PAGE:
The Colorado Ranger is an American horse breed originating from the high plains of Colorado. Often described as the “using horse” of the high plains, Rangerbreds are versatile horses with a unique history.

Colorado Ranger bloodlines trace back to horses that were gifted to Ulysses S. Grant, the Civil War General and 18th president of the United States.

Today, the Colorado Ranger Horse Breed Association helps owners discover the heritage behind their beloved Rangerbred horses. Only horses that directly descend from breed’s foundation sires are eligible for registration as Colorado Rangers.

This breed profile will review the history, characteristics, health problems, and nutritional needs of the Colorado Ranger horse breed. Keep reading to learn more about feeding and caring for Colorado Ranger Horses.

Colorado Ranger Horse Conformation Pictures | Mad Barn Canada

Colorado Ranger Horse History

Colorado Rangers have a rich history that connects them to several cultures and prominent figures of American history. While not as well-known as other breeds developed in the Western United States, these horses belong to the oldest Western horse breed registry still in existence today.

Origin

After serving two terms as the U.S. President, General Ulysses S. Grant embarked on a world tour that took him to various countries, including Turkey in 1878. While visiting Turkey, Grant received two stallions from a Turkish Sultan as a gift. These stallions included an Arabian named Leopard and a Barb named Linden Tree. [1]

After they arrived in Virginia the following year, General Grant entrusted Leopard and Linden Tree to renowned horseman Randolph Huntington. The stallions primarily covered mares in Huntington’s breeding program.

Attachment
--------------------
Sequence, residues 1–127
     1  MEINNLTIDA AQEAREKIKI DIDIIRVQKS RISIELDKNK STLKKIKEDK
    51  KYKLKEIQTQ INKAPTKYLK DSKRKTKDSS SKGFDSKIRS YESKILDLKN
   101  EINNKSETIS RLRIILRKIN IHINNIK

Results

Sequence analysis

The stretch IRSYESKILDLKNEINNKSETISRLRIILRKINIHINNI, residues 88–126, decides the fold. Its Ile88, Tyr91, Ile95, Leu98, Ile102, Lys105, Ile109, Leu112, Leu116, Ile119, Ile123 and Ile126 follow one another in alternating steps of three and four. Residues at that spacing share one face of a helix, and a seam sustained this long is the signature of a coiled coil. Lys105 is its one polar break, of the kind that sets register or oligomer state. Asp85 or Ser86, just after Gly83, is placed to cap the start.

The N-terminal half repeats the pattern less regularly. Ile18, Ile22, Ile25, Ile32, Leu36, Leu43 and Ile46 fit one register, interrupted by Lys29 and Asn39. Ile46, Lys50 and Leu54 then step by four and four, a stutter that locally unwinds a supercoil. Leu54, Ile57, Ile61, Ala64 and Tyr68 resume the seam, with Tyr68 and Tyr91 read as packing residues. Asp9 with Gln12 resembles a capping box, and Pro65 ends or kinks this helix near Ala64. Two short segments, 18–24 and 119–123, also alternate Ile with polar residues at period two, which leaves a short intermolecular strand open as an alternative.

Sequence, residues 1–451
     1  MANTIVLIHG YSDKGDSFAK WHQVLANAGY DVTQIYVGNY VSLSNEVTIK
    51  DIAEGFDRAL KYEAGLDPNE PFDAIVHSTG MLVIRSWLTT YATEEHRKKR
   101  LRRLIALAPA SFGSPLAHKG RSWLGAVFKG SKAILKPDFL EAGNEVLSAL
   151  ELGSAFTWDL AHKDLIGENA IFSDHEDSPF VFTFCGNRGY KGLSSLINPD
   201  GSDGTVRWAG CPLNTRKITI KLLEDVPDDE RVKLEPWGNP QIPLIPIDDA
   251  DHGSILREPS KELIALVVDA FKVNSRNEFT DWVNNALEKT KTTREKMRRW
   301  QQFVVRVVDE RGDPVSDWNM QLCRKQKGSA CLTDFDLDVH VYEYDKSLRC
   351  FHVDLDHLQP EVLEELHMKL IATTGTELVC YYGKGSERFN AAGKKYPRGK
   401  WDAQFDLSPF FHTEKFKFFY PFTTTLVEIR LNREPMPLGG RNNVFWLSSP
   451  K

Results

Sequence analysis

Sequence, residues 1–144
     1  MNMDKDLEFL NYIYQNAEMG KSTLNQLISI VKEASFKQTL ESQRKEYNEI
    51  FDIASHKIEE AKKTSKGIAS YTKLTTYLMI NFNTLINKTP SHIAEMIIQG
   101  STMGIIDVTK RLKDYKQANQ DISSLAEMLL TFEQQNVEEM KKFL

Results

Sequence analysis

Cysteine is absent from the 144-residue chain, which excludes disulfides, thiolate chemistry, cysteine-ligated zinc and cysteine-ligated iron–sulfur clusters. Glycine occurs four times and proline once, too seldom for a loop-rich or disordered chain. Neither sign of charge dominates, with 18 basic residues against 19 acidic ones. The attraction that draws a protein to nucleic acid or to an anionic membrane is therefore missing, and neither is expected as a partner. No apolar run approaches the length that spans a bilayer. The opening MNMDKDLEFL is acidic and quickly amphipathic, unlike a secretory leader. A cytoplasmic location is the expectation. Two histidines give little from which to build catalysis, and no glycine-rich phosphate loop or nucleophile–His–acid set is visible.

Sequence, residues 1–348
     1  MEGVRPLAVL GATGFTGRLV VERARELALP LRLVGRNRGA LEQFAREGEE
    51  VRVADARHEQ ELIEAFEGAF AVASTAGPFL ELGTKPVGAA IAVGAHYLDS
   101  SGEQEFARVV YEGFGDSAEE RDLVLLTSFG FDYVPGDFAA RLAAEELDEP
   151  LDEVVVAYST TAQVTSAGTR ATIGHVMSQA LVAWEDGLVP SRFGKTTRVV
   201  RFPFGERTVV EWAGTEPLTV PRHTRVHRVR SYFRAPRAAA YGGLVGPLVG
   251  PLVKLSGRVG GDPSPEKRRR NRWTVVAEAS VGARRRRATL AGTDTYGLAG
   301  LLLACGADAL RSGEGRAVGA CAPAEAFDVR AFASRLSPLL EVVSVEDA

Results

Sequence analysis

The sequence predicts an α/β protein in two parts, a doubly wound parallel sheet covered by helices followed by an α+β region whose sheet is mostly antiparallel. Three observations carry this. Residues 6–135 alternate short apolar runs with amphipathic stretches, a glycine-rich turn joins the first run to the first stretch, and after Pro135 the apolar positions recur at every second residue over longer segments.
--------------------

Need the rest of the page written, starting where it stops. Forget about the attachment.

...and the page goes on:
In 1894, General Leonard Wright Colby convinced his old comrade to bring the stallions to his Nebraska ranch for a single breeding season. The stallions significantly influenced Colby’s herd of cow horses, and demand grew throughout the region for Colby horses. [1]

A.C. Whipple, a respected rancher from Colorado, acquired several mares descended from the two stallions. The spotted stallion he purchased, named Tony, was a double-bred Leopard grandson.

The Whipples developed a line breeding program with these horses to concentrate traits passed on to Colby’s horses from the Barb and Arabian stallions. Although the Colorado breeders were uninterested in colour, the resulting offspring often had spotted coat patterns. [2]

Tony’s descendent Patches became one of the foundation sires of the Colorado Ranger breed. Colorado breeder Mike Ruby owned Patches and a half-Arabian spotted stallion named Max, the second foundation sire of the Rangerbred line.

Historic Use

Huntington used Grant’s Barb and Arabian stallions to improve his breeding program for light harness horses. He named the resulting horses Americo Arabs, but the introduction of the automobile led to the dispersal of his herd in 1906. [1]

Leopard and Linden Tree’s descendants produced by the Colby Ranch worked as cow horses. The breed’s stamina, good disposition, and strong working ability allowed them to excel in their jobs and they gained popularity in cattle operations throughout the high plains.

Ruby displayed his stallions at the Denver Stock Show to thousands of visitors in 1934. The horses subsequently became known as Colorado Ranger Horses to reflect their birthplace on the range conditions of eastern Colorado. [2]

Unlike other ranchers at the time, Mike Ruby kept written records of his breeding operation and offspring produced by the horses he purchased from the Colbys. These records would provide the foundation of the new breed registry.

Breed Registry

Founded by Mike Ruby in 1935, the Colorado Ranger Horse Association (CRHA) maintains the official registry for the breed. The CRHA initially limited membership to 50 individuals, which led many Rangerbred owners to register spotted horses with The Appaloosa Horse Club instead.

After lifting membership limits in 1964, registration was made open to all horses that descend directly from Max or Patches. Today, the organization offers free pedigree analysis for Appaloosa owners to determine if their horses belong to the lost generation of Colorado Rangers.

Unlike the APHC, there are no breed colour requirements. Only horses that meet pedigree requirements are considered Rangerbreds. However, outcrossing is a